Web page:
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Mode of action and selectivity of pyrethroids on economically important mites and ticks (PyNaMite)
Start date: Sep 1, 2012, End date: Aug 31, 2014 PROJECT  FINISHED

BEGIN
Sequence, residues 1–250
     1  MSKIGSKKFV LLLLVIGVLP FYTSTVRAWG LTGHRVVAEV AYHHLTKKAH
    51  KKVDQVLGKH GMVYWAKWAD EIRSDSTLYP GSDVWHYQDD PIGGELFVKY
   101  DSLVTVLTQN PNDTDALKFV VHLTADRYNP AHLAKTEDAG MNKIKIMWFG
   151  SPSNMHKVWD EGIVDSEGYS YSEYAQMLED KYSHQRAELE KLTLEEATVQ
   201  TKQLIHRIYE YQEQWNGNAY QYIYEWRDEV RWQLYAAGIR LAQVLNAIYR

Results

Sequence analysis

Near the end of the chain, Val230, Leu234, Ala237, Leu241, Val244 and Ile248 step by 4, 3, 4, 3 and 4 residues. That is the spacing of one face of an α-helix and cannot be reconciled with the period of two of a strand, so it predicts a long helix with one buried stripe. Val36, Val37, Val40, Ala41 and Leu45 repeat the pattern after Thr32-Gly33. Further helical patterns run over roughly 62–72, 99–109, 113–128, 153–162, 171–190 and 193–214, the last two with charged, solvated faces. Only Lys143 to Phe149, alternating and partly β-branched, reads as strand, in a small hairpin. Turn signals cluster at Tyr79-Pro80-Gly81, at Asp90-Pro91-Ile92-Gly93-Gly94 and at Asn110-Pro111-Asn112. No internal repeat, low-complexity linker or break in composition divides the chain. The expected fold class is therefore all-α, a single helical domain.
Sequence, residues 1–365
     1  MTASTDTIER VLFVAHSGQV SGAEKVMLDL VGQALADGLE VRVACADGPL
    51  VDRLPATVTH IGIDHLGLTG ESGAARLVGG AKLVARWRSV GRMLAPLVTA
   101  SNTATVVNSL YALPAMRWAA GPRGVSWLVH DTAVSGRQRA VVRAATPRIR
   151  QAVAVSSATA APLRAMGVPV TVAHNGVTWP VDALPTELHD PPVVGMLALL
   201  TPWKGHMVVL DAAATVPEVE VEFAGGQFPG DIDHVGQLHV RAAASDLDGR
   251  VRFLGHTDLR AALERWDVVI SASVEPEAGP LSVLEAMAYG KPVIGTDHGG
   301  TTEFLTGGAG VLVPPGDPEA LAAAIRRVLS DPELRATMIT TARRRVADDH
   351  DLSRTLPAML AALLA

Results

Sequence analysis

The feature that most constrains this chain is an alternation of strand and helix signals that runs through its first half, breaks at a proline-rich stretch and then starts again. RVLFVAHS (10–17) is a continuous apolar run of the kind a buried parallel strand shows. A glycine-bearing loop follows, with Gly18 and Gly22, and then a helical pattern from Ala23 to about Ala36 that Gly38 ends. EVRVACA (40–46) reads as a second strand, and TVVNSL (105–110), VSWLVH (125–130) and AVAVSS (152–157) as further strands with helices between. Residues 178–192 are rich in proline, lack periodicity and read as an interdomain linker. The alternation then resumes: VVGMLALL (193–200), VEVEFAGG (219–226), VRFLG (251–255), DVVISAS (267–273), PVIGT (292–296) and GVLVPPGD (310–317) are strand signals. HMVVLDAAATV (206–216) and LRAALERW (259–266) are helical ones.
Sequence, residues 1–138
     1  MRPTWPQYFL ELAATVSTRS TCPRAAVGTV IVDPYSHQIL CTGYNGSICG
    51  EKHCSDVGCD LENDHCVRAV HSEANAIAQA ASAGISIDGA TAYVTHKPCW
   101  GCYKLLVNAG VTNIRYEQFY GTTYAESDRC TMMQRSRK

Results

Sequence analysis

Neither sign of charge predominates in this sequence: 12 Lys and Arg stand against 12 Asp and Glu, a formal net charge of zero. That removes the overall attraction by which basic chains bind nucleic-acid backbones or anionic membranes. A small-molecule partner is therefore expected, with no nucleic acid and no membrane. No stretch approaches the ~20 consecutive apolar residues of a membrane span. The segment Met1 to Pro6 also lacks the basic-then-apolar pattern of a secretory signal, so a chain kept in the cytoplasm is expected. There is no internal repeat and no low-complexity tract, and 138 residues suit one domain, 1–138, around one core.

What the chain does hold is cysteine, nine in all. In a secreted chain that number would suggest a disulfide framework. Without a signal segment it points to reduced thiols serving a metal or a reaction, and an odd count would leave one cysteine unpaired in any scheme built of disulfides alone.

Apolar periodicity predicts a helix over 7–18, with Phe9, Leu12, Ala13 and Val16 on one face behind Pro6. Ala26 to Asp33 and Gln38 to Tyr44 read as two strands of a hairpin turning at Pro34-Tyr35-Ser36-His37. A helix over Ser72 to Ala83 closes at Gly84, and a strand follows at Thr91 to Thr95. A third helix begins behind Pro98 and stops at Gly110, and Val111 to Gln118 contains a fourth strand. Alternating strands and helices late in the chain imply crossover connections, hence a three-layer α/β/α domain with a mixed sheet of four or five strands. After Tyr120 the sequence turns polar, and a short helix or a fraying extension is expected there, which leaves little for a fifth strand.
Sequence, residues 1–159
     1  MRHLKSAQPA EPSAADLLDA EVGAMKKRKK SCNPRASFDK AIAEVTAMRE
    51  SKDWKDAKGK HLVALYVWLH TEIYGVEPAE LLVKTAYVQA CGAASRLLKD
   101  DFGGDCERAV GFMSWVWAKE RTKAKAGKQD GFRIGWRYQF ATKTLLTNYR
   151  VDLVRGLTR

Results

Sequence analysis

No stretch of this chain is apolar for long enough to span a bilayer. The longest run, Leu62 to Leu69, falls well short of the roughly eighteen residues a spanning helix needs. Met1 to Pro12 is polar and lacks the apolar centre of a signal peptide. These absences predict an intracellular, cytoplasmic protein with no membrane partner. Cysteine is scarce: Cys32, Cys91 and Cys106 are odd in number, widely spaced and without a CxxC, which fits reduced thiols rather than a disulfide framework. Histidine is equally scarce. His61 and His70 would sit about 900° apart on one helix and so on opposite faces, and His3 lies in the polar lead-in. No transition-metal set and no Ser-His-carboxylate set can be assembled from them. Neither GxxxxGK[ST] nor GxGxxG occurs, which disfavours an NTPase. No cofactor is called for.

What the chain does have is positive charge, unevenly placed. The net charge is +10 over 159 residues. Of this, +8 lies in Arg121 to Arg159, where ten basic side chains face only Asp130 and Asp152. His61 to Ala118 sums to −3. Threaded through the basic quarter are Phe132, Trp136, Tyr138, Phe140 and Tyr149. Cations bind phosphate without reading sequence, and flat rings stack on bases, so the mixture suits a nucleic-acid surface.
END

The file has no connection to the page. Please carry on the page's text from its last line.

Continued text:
There are over 45,000 species of mites/ticks (class: Arachnida, taxon: Acari). Amongst these are a number of important agricultural, horticultural, domestic animal and human pests. Economic losses inside the European Union caused by several of these species can reach hundreds of million euros every year. In the UK, mites have been reported in 72 % of farm stores, 81 % of commercial grain stores, 89 % of animal feed mills and 89 % of oilseed rape stores. The damage caused by a mite infestation can lead to direct financial loss through the deterioration of food quality, downgrading of products, customer complaints and rejection of stock.Synthetic pyrethroid compounds are frequently used as acaricides to control tick/mite infestations in agricultural, veterinary and domestic (home/garden) settings, and command a large market share. Understanding their mechanism of action and selectivity on mites/ticks is clearly important for the design of next generation compounds. Selectivity may be highly desirable in situations where there is a need to target one species only, leaving a second species unharmed - a good example being the control of varroa mites on honeybees.This proposal entails the characterization of pyrethroids interactions with tick/mite Na channels at the molecular level since it is important to be able to establish why certain pyrethroid acaricides are more lethal than others, and why some have differing effects on different species. In addition, as resistance development in pest populations threatens the long-term success of currently effective compounds, it is urgent to screen field populations of ticks/mites to identify novel resistance mutations. Eventually, with the information generated from the screening performed, it will be feasible to develop rapid, high throughput DNA-based assays for diagnosing the presence/absence of resistance mutations in field populations of ticks/mites.
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